By Alison Appelbe
In spite of superstar Dutch architect Rem Koolhaas, who disparages Amsterdam for what he sees as its anti-modernist, pickled-in-aspic appearance, Amsterdam remains knockdown gorgeous.
To my eye, visual treats are everywhere — maybe a wrought-iron swirl on a townhouse railing; an art installation like the Brobdingnagian side-tables piled beside a city tram stop; or an imaginative jazz-concert poster wrapped around a canal-side kiosk.
Also, of course, Amsterdam offers the lure of sex and drugs, mostly along and around the canals of the Oude Zijde (old side). Here the Red Light District draws hoards of gawkers (as well as, presumably, customers), as does a generous sprinkling of “coffee shops” where marijuana and hashish are smoked and sold.
One morning, at the Grand Hotel Krasnapolsky, on the edge of the Oude Zijde, a couple of wags streaked naked across the lobby. No one seemed to know why — or care. And it should be noted that the Amsterdam Tourism Board doesn’t discourage the rogue in visitors. It recently acquiesced to the use of the city’s 16 th -century, red and black “coat of arms,” featuring three suggestive x-es (as in “xxx”), as a tourism and souvenir symbol. (The three crosses actually represent St. Andrew, who is said to have died by torture.)
Ideally, hotels reflect a city’s personality while providing an easy entrée to its nearby pleasures (or vices). The following are a handful of my favourites.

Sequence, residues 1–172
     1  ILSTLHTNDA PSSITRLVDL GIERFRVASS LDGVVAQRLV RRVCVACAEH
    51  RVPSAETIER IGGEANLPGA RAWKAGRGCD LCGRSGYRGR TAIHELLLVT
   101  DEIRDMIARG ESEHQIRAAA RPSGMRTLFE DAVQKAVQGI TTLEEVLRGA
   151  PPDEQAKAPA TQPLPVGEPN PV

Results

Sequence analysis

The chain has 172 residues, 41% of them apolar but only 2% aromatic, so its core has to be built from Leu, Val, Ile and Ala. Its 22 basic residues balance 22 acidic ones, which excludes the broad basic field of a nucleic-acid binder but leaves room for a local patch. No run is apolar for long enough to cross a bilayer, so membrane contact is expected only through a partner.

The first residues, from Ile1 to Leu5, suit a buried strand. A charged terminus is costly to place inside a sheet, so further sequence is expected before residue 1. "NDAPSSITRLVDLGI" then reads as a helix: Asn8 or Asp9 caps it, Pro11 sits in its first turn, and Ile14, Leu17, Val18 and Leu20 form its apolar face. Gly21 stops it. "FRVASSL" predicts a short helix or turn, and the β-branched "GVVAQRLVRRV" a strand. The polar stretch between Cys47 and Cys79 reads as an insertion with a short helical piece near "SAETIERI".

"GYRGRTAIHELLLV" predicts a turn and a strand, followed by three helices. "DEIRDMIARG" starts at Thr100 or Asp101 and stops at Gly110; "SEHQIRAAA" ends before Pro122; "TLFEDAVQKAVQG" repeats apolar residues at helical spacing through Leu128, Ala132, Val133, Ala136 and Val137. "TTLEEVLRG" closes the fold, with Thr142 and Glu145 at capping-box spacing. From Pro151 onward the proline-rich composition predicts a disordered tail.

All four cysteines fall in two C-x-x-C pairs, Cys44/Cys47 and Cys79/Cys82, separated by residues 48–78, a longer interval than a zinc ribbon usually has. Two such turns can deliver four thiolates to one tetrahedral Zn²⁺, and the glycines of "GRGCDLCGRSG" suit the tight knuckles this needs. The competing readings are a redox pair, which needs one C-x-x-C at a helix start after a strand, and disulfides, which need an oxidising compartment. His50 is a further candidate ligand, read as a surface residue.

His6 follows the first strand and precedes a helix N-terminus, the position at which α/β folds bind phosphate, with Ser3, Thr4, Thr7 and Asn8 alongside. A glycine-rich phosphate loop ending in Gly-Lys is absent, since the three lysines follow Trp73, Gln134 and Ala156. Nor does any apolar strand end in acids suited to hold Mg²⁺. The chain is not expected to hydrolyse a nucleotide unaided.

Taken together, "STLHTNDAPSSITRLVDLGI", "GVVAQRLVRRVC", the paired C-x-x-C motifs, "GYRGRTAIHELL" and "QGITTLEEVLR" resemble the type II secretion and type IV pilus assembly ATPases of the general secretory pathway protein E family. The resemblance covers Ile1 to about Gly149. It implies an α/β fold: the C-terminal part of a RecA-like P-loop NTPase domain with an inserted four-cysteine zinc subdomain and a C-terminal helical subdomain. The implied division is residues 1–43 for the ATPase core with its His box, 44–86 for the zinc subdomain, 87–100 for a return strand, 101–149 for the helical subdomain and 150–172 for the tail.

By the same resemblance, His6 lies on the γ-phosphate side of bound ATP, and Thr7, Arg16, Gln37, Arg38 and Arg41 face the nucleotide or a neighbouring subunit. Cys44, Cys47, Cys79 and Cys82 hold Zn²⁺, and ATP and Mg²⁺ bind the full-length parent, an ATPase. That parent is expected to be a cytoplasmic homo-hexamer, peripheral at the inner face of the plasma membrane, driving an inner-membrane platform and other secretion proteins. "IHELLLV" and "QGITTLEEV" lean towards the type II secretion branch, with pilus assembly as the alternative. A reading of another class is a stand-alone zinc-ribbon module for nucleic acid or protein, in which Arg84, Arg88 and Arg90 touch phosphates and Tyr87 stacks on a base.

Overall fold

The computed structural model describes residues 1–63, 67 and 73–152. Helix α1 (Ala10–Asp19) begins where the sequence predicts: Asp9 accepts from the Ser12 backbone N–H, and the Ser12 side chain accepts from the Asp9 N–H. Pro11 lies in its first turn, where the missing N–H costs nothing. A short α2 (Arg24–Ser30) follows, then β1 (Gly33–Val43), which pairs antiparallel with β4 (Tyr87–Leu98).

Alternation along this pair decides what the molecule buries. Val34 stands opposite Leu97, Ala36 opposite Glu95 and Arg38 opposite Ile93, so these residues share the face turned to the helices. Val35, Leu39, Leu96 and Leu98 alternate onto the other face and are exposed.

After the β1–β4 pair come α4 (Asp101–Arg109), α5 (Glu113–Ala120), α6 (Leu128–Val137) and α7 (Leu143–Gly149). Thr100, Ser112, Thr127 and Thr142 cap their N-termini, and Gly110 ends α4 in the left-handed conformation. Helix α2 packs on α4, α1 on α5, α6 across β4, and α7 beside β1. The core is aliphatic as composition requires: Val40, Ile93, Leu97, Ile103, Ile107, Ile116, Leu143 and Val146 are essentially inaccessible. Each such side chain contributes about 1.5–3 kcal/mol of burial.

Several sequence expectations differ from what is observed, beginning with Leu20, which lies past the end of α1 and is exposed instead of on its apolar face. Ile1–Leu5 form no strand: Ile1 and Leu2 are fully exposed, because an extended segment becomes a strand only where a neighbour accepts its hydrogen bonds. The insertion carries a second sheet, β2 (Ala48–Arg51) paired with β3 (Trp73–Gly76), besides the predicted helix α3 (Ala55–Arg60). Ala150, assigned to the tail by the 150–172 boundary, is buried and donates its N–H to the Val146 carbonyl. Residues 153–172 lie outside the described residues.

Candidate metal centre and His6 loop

The lobby of the 468-room NH Grand Hotel Krasnapolsky , on Dam Square, is usually a sea of people, and its lovely Winter Garden atrium delivers an unbeatable buffet breakfast. But a lesser-known attraction is its new wing, with rooms located above a side street lined with drinking and pizza joints. With full-height windows extending over the Damstraat, the rooms function as a perch from which to enjoy the scene below. But be warned: the Damstraat runs 24-7. Hotel Krasnapolsky rooms begin at 195 Euros.
If the Oude Zijde encourages raffishness, the Western Canal Ring, a five-minute walk from the Dam, is decorous. The 70-room Hotel Estheréa — opened in the 1940s in a house on the Singel canal, then expanded to four houses — epitomizes old-world charm. My traditionally furnished room included a claw-footed bathtub, but more importantly spectacular nighttime views of the illuminated canal. Rooms start at 171 Euros.
From here extends a series of canals characterized as strings of pearls — including the Herengracht, Keizersgracht and Prinsengracht. This is a shopping area, embracing the De Negen Straatjes (Nine Little Streets), Leidsestraat (fashion) and Spiegelstraat (art and antiques). It also boasts a number of canal museums, including the Huis Marseille (Museum for Photography), Biblical Museum and Theatre Museum.